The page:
Surgeon General Visits Arizona Tribal Community

The partnership between the Hualapai Tribe and the University of Arizona’s Mel and Enid Zuckerman College of Public Health has been acknowledged by Indian Health Service and the U.S. Surgeon General as a model of a successful tribe-university collaboration that has had a measureable impact on community health.
Tucson, Ariz.—Nearly 1,700 residents of Peach Springs, AZ, the residential and business center of the Hualapai Tribe, hosted the U.S. Surgeon General, Dr. Regina M. Benjamin on September 10, 2010. The visit was prompted by the recommendation of Dr. Yvette Roubideaux, director of Indian Health Service, to learn about the sustained collaborative health promotion efforts of the Hualapai Tribe, led by Sandra Irwin, MPH, and the University of Arizona’s Zuckerman College of Public Health, led by Nicolette Teufel-Shone, PhD, associate professor in the health promotion sciences division.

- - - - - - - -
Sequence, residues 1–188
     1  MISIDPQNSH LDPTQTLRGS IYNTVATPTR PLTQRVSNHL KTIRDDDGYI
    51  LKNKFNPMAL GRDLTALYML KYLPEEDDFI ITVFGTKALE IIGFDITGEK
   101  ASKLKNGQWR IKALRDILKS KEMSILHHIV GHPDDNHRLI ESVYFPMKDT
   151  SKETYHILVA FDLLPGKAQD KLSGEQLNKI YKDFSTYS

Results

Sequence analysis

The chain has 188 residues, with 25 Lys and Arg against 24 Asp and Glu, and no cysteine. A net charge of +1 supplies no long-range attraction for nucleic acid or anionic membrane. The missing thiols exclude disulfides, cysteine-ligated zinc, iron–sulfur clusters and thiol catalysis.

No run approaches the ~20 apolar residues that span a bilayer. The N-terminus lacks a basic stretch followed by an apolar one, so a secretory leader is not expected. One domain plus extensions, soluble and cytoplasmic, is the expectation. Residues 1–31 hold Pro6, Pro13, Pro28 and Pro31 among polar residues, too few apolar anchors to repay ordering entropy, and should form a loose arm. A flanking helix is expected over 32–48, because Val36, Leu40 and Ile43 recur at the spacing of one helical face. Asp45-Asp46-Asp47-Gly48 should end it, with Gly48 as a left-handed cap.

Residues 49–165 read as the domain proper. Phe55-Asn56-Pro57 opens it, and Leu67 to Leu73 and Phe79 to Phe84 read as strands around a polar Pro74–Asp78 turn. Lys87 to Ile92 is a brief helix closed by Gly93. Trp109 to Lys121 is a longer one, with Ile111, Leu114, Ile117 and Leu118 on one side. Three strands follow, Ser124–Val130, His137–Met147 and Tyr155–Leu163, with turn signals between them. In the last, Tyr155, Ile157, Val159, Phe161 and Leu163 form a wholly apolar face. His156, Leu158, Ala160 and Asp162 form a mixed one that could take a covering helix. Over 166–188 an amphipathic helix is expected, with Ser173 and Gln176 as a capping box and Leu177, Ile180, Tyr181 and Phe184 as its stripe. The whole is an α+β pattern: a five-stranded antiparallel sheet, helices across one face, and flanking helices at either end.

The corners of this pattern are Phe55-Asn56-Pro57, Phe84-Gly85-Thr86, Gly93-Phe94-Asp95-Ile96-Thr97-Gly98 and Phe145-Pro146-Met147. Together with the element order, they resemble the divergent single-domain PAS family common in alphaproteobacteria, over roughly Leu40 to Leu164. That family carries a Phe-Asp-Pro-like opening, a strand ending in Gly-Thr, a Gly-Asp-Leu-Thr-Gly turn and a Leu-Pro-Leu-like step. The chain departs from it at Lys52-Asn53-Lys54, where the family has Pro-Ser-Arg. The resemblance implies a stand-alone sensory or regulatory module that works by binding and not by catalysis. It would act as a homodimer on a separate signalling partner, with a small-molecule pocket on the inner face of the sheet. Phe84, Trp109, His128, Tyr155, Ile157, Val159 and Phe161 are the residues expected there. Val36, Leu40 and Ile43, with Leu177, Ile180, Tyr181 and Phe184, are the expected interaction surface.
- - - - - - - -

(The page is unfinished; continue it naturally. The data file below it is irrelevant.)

Roubideaux is a former assistant professor of family and community medicine at the University of Arizona College of Medicine and the UA College of Public Health.
While in Peach Springs, Benjamin visited the local web-based Kidstar Radio Station, EPCH The Peach. Run by Hualapai youth between the ages of 8-25, the program is part of a collaborative Hualapai Tribe-UA Zuckerman College of Public Health research project funded by the Inter-Tribal Council of Arizona’s Native American Research Center for Health (a National Institutes of Health and Indian Health Service initiative).
Before leaving the radio station, Benjamin was interviewed by a young reporter about the role and activities of the Surgeon General. She later addressed more than 400 community members at a luncheon and congratulated the Tribe on its efforts to improve community health. During the event, Benjamin also learned about the Healthy Heart Program, another Hualapai Tribe-UA Zuckerman College of Public Health collaborative venture, by listening to community members share their individual stories of transformation by following the program.